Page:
Saturday, 26 April 2014

Tuscany-Lifted into Gothic splendour to fly with the Angels!

Hi, everyone! So glad you dropped by. Just this week, I came across an e-mail from my daughter. Nothing strange there, I hear you say, and you would be right, as we often keep in touch this way. This e-mail, however, is different; it contains something of a first for me - a link to a recording of a piece of organ music. On first inspection, the subject matter of the e-mail is entitled, 'Memories of Tuscany' and below, the only text reads - 'Remember hearing this music playing in the little chapel we went into?'

The air inside is still, its coolness pouring over our sunburnt shoulders, feels like cleansing holy water, as we step inside the little chapel, out of the relentless heat of the mid-day Tuscan sun. Around us a heavenly silence hangs in the dark, damp air, so quiet that its assault on our senses is as profound as any cacophony of noise one can possibly imagine. Gradually, our eyes adjusting to the light, we focus on marble pillars, drawing our gaze upwards to the Gothic splendour of a deep-blue roof, dotted with golden stars. On either side of us simple wooden chairs face the altar, where a painting of the Virgin Mary gazes down lovingly. Her face illuminated by the light from the many ornate candles on the altar below, reflects the light of Christ in a tranquil corner of our busy world. Suddenly, the emptiness of this holy place is filled with organ music and, as our souls rise on the notes of Bach, we find ourselves lifted into Gothic splendour, to fly with the Angels.

Unbeknown to me at the time, Katie had taken out her phone and recorded the moment and playing it back today, here in my 'empty nest', I stepped out of the Tuscan sun once more, into the beauty of that magical place. You can read about our adventures, a mother and daughter enjoying 'La Dolce Vita' in the Italian sun, in a blog post I wrote some time ago now, entitled - ' Nesting in a Medici Hunting Lodge in the Hills above Florence'.

Perhaps you too enjoy visiting churches on your travels? Please do feel free to share your magical moments!

Thursday, 10 April 2014

The Art of French Eating!

Welcome back, everyone! I hope you enjoyed our trip to 'Parfums Sucrés' in my last blog post. Since writing it, I have just finished reading, ' Mastering the Art of French Eating' by Ann Mah. It got me pondering my own years living in France and the profound relationship I developed with food, learning at the table of my wonderful French neighbours and sampling regional dishes from Paris, to the shores of the Cote d'Azur.  

Ann Mah, the wife of an American diplomat is a lifelong foodie and francophile. When she learns of her husband's new posting to Paris, she begins plotting the gastronomic adventures they are going to have. Shortly after their arrival, as they settle into Parisian life, however, her dream of a romantic sojourn in the City of Light is brought to an abrupt end, when her beloved husband is unexpectedly posted to Iraq for a year and Ann finds herself alone in Paris.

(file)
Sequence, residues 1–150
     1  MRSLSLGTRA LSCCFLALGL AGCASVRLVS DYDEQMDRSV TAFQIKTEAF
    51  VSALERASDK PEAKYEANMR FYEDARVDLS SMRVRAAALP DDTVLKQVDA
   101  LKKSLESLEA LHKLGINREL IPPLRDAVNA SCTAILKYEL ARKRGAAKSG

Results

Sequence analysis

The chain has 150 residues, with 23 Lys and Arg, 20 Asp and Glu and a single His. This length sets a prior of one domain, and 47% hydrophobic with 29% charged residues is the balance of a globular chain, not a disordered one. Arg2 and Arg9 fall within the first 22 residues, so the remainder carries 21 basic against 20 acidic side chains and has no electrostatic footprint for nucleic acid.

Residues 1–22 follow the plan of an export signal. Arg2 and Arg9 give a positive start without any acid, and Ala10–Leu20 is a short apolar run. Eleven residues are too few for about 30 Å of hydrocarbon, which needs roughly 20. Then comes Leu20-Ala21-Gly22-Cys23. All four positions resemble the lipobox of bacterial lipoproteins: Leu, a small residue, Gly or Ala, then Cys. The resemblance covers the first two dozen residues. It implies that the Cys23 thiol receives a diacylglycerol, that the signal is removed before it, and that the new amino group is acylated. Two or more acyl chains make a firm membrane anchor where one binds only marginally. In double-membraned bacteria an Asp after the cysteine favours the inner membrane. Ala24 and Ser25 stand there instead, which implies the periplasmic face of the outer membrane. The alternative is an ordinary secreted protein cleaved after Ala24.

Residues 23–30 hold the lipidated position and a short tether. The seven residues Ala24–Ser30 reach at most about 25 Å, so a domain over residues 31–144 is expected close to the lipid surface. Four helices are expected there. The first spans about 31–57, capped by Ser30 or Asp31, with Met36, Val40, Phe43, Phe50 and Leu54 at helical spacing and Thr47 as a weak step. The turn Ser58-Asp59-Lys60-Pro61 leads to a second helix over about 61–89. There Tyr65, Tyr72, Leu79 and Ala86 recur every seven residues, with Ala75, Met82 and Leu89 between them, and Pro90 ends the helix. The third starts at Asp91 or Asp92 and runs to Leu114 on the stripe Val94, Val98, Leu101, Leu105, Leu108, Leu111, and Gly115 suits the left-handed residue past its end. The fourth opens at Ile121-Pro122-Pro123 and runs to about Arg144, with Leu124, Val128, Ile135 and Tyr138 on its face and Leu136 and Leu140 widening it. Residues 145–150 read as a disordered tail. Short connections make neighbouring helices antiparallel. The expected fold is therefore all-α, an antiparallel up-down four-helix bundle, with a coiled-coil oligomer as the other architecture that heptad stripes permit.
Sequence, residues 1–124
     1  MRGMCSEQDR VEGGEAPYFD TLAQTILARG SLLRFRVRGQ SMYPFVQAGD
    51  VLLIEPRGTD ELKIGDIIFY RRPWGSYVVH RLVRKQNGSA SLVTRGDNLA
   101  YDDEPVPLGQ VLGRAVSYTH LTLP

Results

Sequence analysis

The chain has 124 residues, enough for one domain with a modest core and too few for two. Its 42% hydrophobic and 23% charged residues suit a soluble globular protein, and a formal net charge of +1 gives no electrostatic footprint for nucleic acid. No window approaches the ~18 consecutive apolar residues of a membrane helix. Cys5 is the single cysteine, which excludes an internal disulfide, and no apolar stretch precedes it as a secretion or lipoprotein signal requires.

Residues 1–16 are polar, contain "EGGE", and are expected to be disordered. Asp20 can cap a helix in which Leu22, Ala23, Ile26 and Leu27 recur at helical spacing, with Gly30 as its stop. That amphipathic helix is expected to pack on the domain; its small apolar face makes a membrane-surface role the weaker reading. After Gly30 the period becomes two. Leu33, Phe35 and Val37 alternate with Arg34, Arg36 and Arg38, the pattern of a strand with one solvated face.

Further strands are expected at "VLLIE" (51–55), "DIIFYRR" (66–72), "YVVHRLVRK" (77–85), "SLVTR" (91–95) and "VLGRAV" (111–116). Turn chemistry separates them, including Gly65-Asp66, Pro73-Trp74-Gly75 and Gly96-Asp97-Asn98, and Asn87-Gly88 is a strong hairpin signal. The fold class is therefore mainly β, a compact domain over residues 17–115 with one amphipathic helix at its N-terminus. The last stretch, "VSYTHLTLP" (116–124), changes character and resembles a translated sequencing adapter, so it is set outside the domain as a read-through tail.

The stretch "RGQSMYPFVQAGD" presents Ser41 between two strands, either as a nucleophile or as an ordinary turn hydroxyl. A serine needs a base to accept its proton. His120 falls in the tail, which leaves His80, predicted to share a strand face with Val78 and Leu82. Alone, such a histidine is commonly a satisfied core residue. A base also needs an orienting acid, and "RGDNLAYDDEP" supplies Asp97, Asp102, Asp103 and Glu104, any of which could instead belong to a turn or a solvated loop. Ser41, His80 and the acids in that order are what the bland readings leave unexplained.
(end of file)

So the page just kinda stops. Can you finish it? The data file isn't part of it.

Faced with isolation, Ann must make a life for herself and it's not long before her love of food draws her out in search of comfort.  She sets off on a journey around France, looking for the signature dishes of each region, delving into their history, how they are traditionally made and at the same time meeting the amazing characters involved in their production. Dishes like cassoulet, boeuf bourguignon and the infamous andouillette sausage, are just a few of the recipes to give up their secrets. Temptingly, Ann ends each chapter with a regional recipe for us to try at home. 

My own French food experience can be summed up in a word, which Ann explains very clearly towards the end of the book. The word is 'gourmandise'.  It is a wonderful word, for which there is no exact English equivalent, but it sums up the attitude of the French to food, an attitude which is ingrained in them from birth. It is basically the cultivation of an educated palate, the art of fine dining, the enjoyment of a good meal. It originates from the French word for taste, 'gout' and is all-encompassing in its description of the art of food appreciation.

In our little village in France, when you pass the school gates, the menu for the week is printed each Monday morning for parents and children to eagerly anticipate. There will be starter, main course, a cheese course and of course a dessert. Also from an early age the curriculum will include lessons in food appreciation and education of the palate. I know this all sounds a bit extreme, but what it has done for the French is to equip them with the ability to really enjoy good food.

Next time, I will talk more about the food in my region of France, La Charente.  In the meantime, if you too are a francophile, with a love of good food, why not get hold of a copy of Ann Mah's book, 'Mastering the Art of French Eating' and enjoy!

My Favourite place to eat - 'Chateau Talleyrand', Chalais France